Ruth (Rooney Mara) and Bob (Casey Affleck) are a young couple in love, and completely devoted to her. When a robbery goes wrong, Bob is sentenced to jail time, but it is not long before he escapes and sets out to reunite with Ruth and the daughter he has never met.
David Lowery’s film has already won praise at the Sundance Film Festival, and has been compared with Terrence Malick’s masterpiece, Badlands, much to the director’s chagrin. Lowery gets the best from his cast; Rooney Mara continues her trend for playing monosyllabic women, but there is a warmth to Ruth that we have not seen the actress play very often. Mara’s interactions with Kennadie and Jacklynn Smith – the young actresses who play her daughter Sylvie – feel natural and gentle, and Mara provides the counterpoint to her more violent and ruthless co-star.
As Bob, Casey Affleck plays a character who seems conflicted about his place in the world. With Ruth he is as gentle and fun as she is, but there is a dark streak to this man that obviously drives him to the lengths he goes to. Ben Foster, as Patrick, is another gentle soul who finds himself drawn to the mysterious and lonely Ruth.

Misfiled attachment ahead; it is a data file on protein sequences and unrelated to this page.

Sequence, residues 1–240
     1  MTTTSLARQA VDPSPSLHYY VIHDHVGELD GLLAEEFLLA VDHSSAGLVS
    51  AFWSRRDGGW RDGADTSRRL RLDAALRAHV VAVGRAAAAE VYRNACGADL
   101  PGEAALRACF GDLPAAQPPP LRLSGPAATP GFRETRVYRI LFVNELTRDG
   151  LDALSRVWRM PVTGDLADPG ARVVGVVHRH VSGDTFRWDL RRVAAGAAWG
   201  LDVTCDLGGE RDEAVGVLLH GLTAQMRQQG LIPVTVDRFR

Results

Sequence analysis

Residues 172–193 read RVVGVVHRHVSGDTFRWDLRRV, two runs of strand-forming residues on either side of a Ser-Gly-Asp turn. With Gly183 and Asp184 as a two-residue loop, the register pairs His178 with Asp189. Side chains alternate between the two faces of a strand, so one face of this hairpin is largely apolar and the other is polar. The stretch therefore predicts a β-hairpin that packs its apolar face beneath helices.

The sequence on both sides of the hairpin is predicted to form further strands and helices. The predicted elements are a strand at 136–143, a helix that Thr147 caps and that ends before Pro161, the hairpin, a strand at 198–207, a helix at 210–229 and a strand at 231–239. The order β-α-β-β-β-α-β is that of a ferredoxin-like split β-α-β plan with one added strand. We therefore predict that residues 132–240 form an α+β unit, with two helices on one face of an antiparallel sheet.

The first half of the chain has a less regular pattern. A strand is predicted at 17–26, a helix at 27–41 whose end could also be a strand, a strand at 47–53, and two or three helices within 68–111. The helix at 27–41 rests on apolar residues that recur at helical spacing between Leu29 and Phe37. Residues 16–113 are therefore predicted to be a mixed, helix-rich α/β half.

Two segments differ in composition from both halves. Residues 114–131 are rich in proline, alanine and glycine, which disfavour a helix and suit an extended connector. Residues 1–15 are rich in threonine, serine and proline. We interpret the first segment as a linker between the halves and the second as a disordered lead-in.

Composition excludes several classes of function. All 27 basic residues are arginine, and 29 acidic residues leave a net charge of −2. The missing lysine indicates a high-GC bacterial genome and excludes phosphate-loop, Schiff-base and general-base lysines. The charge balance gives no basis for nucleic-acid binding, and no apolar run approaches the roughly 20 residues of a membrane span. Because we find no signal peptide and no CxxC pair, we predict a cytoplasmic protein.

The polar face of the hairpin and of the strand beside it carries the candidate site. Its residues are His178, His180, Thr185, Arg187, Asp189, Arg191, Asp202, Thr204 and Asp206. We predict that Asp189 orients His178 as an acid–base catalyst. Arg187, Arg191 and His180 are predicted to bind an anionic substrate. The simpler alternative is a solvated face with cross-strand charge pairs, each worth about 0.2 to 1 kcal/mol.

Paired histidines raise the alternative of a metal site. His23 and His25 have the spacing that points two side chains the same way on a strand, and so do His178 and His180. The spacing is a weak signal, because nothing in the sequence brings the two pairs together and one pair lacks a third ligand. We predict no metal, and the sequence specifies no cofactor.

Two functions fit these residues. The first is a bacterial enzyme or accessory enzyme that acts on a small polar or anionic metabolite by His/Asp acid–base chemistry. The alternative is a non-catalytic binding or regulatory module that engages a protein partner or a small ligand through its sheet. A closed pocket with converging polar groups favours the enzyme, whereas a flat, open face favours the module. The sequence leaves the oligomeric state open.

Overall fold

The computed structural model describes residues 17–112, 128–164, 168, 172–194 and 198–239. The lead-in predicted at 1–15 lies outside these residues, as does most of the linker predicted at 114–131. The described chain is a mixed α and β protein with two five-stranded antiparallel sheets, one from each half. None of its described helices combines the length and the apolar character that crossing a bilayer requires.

Ain’t Them Bodies Saints plays like a modern Western, the film is set in the 1970s, but the universal story and almost anachronistic setting leaves it feeling like it could be set in the 1930s, 40s or 50s. Lowery ramps up the atmosphere and the tension as we learn more about Ruth’s life without Bob and his quest to return to her. Sweeping camera angles and bleached tones add to the pleasing aesthetic of the film.
The problem with Ain’t Them Bodies Saints is it’s predictability. Almost from the opening moments it is clear what is going to happen to this young couple, the only saving grace is that Lowery makes the journey with Ruth and Bob an interesting and engaging one, so even though we may guess the destination, we are still along for the ride. As well as this, due to some Southern accents and a lot of mumbling, there are lines in the film that are unintelligible.
Ain’t Them Bodies Saints is a nostalgia piece for the great loves of the past, and how these loves destroy those they touch. Mara shines as a strong woman made vulnerable by her situation and, although it is easy to see the direction the story is headed in, Lowery’s eye for detail and the beautiful tones of the film make for a beautiful, if slightly unoriginal watch.